NiceHCK F3

disclaimer:   It comes as no secret that I have reviewed a good number of products by NiceHCK and speak with their representative fairly frequently via facebook and email.  Recently when rumblings about a new planar in-ear started surfacing, I ask him when they would be available.   He agrees to ship me one at a reduced but still fairly substantial cost to try out.   The F3 is a listed as a Flagship for NiceHCK with a CNC machined Aluminum shell and a triple driver hybrid (dynamic, planar, ba) so is quite a departure from the all BA flagship they currently sell.


Unboxing / Packaging:

I have to admit, that packaging for the F3 was no different than for any of the other current NiceHCK lineup.    The brown lift-top pressboard box has the rubber soft case inside with everything else nestled inside it.     The package has the earpieces in individual plastic bags to help prevent scratching and the cable in a separate bag.  Three sets of white silicone tips round out the package.



Shells are machined and polished aluminum both inside and out and the level of polish is fitting of a flagship model.  Seams are tight, connectors are flush, surfaces are all smooth and mirror bright.  It is hard to take pictures of the F3 without getting your reflection or that of your camera displayed in the photo.  Those with the NiceHCK EP10 will recognize the finish.  All surfaces are that highly polished.   Nozzles are a seperate part based on the exploded diagrams but could pass for being a machined part of the inner shell based on color and polish level.   I’d put the quality of the shell right up with the Magaosi K5’s custom molded resin or the RHA CL2 with its ceramic shell.   The shells are on the larger side and are designed for tip-up wear but due to the level of polish and rounding of the corners makes the F3 a comfortable fit.  With the heft of an all metal shell, once positioned, the F3 has little if any tendency to shift or move even during exercise.   I did find that some tip rolling was necessary to get the best fit as none of the provided tips got a good seal and were comfortable for me.



The F3 sports 3 newly designed drivers, one each Planar, dynamic, and balanced armature.  The planar driver is the largest at 10mm and handles the middle range with the 5mm dynamic added specifically for handling sub-bass and the balanced armature added for upper range.    Nominal Impedance is listed at 16Ω with a sensitivity of 95dB/mW.   The F3 can be driven very minimally by a phone or tablet but definitely is not at its best as it sounds thin and mid-shy.   It prefers a more potent source and sounds better from things like the Opus #1S or AK70 Mk2 and even better from the xDSD or xCAN paired to those sources.  The F3 really opens up with the Burson Fun, although it was possible to find the noise floor with the big Burson as a audible hiss developed as volume increased.  This wasn’t so much evident during music playback, but gaps between tracks would have an audible hiss if I pushed above about 20% on the volume knob.  (Not really necessary as 10-12% provided adequate volume for comfortable listening).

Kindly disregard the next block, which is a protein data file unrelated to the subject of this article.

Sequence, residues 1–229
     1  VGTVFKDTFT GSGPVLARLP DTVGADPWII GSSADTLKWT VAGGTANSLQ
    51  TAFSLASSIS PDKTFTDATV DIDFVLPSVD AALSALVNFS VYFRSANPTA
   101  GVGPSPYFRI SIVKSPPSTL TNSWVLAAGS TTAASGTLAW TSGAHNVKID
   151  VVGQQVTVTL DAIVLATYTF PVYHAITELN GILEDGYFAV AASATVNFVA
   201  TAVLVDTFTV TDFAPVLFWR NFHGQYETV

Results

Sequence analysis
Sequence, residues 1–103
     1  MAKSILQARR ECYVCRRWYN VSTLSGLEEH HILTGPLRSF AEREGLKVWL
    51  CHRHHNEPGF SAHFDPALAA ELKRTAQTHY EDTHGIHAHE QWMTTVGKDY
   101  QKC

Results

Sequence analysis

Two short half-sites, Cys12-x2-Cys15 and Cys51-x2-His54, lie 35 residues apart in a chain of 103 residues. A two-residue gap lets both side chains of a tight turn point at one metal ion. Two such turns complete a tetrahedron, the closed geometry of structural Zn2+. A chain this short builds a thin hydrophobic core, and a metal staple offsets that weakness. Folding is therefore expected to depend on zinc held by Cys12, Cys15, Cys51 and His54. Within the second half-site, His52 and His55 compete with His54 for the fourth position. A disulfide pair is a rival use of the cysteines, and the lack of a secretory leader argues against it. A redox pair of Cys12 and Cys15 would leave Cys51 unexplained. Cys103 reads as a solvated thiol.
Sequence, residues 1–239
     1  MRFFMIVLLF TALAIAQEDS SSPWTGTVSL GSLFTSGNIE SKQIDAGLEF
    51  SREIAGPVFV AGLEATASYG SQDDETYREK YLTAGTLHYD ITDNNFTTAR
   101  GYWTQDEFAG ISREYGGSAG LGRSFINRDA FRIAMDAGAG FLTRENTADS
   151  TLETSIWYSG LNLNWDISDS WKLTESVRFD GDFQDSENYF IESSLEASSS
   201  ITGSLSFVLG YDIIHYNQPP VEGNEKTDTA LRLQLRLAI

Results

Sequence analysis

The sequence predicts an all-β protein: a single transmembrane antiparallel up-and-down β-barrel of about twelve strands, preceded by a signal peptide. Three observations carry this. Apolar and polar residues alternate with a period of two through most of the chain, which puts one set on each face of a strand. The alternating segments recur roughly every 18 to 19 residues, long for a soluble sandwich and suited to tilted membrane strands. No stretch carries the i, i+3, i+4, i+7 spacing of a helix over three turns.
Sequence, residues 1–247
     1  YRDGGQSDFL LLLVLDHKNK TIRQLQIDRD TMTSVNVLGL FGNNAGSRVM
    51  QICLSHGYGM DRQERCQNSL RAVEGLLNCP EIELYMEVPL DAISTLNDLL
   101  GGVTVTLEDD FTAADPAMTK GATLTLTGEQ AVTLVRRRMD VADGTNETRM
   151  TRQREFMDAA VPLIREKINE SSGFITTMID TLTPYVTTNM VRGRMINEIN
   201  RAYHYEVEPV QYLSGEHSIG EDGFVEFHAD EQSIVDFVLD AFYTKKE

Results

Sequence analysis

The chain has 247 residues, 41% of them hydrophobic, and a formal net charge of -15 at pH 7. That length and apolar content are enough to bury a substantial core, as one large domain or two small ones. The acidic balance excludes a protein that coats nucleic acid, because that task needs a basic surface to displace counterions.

The cable with the F3 is a very pliable silver coated copper in clear sheathing.  The jack is of the straight type and is gold plated with a brushed aluminum casing and a short strain relief at  the exit point.   I did find it a bit odd that the earpieces were high polished and the cable had brushed fixtures instead of matching the polish of the shells.   A velcro cable tie is provided for storage without tangles.  The Cable itself is a 6 wire braid up to the splitter (also brushed aluminum) then breaks out to 3 wire braids above it.  A clear bead operates as a chin slider and above that pre-formed earhooks without memory wire terminate with brushed aluminum housed .78mm bi-pin connectors.



Inner Vent blocked with Millipore tape

The F3 likes power.  It is not the headphone for use with cellphones and tablets and may really tax some lower end DAPs as well.   My sound notes were taken with either the xDSD or the Burson Fun providing the output power and the Opus#1s or Burson Swing acting as source/DAC.



The F3 is deceptive in that bass is only present when called for and while it can produce sub-bass, it will only be there when the track really calls for it.  It does not add any emphasis of its own to the mix.   This will give some the feeling it is bass light when in fact is very close to neutral if a touch on the warm side.   My one complaint regarding sub-bass is that it is not particularly sensitive to EQ and it takes several dB of adjustment to hear any audible change in the range below 100Hz.   Mid-bass is very cleanly presented and has good tonality but lacks authority at times as well.  Mid-bass has impressive amounts of detail present and no bleed or bloom was noted.   Overall, the F3 has the hallmarks of planar bass as it is very linear, has excellent speed of attack and decay, and good transients, it is just tuned a bit shy of neutral.  Mid-bass reacts to EQ better than sub-bass and can be brought forward.  Overall the bass is less tunable via EQ than many of its competitors, but unlike most that need the bass tuned back a notch or two the F3 is in need of a slight push forward at times.



Beginning with the transition from mid-bass to lower-mids, the F3 starts to reveal its strengths.  Mids are very linear with great detail.  This is helped by the planar speed of attack/decay as the clarity of the F3 is really on a level with things well above it.    Mids are definitely the sweet spot of the F3.  Vocals are well rendered regardless of gender or pitch.  Strings are particularly nicely done with good tonality and timbre which is a very hard thing to get precisely right.   Acoustic guitar is also very well voiced and separation of instruments is above average.   This is well displayed by 40 Fingers – Flying ants with 4 guitars all very easily distinguished from one-another.